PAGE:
Using f/stops, Shutter Speeds, and DOF

Now to see how all these controls can work together to give you what want in your capture

A few practice photo challenges…

  1. Understanding f/stops and Depth of Focus
    1. Go find a long bridge that you can pull over and set up a camera and tripod.
      1. At one end of the bridge set your gear up. It would be better if a building is in the far background, or something at the INF point.
      2. Set your lens at 50mm (fov), — around the 35mm mark on 1.5 or 1.6 crop cameras –and 25mm for 4/3 and m4/3 camras
      3. Set you camera on “Aperture” priority
      4. Set your ISO at the lowest setting
      5. Set your f/stop at the largest opening (smallest #: f/3.5 or f/2.8 etc.. what ever it is)
      6. Aim so one side of the bridge railing is on one side of the image. and extends inward and upward in your picture.
      7. focus on the  bridge rail at 10 feet away. (if you can put a temporary object at 10 feet, that won’t fall off, even better)
      8. Start shooting a set of images.
      9. After each capture change the f/stop to the next FULL f/stop…. some cameras allow full stop changes… most are set at 1/2  or 1/3  f/stop changes. When you get home,  look at how the things out-of-focus are slowly becoming in-focus as the lens is stopped down (larger #’s)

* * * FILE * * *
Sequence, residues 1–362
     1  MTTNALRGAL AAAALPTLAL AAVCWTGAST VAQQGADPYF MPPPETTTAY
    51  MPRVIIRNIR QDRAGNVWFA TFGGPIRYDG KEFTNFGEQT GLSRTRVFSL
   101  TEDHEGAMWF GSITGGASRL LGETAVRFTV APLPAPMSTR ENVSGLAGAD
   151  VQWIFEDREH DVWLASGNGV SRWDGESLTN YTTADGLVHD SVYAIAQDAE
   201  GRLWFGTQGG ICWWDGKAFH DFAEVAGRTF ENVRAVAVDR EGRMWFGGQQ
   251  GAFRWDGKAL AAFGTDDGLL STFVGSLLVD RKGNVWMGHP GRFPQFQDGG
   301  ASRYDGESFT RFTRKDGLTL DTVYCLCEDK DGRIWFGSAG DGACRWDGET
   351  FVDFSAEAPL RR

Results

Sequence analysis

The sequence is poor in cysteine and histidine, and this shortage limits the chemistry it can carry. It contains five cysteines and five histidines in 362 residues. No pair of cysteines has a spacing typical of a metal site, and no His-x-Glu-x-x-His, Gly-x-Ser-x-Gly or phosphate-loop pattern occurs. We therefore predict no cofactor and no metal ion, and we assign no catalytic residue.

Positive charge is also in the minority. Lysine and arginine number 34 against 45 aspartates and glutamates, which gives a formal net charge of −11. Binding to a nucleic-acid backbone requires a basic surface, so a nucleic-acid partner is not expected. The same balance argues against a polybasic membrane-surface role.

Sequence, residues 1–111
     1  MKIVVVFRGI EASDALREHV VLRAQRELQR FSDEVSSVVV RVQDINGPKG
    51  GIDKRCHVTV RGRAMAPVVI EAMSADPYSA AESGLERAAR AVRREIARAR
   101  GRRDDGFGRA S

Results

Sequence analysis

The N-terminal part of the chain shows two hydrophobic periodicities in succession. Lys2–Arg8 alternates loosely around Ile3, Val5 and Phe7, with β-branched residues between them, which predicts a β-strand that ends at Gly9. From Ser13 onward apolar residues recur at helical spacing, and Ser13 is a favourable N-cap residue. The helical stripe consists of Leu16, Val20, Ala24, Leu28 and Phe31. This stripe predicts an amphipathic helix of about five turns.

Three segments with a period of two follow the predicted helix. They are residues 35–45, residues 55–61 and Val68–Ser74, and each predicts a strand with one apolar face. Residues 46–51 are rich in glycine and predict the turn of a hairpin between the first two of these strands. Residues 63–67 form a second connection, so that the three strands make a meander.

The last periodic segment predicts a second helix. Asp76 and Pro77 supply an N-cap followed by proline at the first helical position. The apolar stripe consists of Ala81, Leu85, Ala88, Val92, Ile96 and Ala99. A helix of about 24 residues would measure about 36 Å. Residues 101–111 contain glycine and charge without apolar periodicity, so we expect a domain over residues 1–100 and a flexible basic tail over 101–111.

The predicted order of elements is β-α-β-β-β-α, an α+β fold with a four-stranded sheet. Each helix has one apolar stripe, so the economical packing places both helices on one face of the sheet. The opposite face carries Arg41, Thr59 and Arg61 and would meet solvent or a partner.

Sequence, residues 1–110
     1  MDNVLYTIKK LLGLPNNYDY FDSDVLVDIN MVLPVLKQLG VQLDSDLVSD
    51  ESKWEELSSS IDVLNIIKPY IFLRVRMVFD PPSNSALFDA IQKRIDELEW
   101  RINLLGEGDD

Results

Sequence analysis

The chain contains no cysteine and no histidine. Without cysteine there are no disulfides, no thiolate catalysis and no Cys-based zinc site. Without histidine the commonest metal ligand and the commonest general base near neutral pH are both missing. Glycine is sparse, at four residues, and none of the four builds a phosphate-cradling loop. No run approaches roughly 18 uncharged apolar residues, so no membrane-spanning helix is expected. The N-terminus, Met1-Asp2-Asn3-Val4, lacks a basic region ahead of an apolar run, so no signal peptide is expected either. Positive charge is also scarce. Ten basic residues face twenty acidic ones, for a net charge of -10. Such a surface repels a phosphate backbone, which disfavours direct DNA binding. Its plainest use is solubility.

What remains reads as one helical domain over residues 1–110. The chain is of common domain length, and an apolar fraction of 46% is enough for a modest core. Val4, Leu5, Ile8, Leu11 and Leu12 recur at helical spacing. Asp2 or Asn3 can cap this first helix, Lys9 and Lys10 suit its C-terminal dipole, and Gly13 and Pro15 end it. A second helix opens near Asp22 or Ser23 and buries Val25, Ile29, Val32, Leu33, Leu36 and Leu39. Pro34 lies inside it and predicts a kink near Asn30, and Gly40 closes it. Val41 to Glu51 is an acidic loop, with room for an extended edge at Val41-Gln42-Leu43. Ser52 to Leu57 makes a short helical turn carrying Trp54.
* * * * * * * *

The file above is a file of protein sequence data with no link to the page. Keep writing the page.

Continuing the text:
1. Example: f/2, f/2.8, f/4, f/5.6, f/8, f/11, f/16
      10. At one point, around f/8 or f/11, the INF should be sharp, along with your 10 foot marker.

      Depth of Field Explained (by from NT on Vimeo.

  2. Understanding shutter speeds/For Blur or Sharpness
    1. Go find a place where there is moving water. Like a waterfall, or fast moving stream.
    2. Set up your camera on a tripod aimed at the water.
    3. put you camera in “S” mode (shutter priority)
    4. Focus on the water
    5. Set your shutter speed at 1/125 to start and take a photo
    6. Change the Speed to 1/60 and take a photo
    7. Change the Speed to 1/30 and take a photo
    8. Keep changing the Speed until you get to 10-sec
    9. Now you have a good sampling of what effect each shutter speed will give you.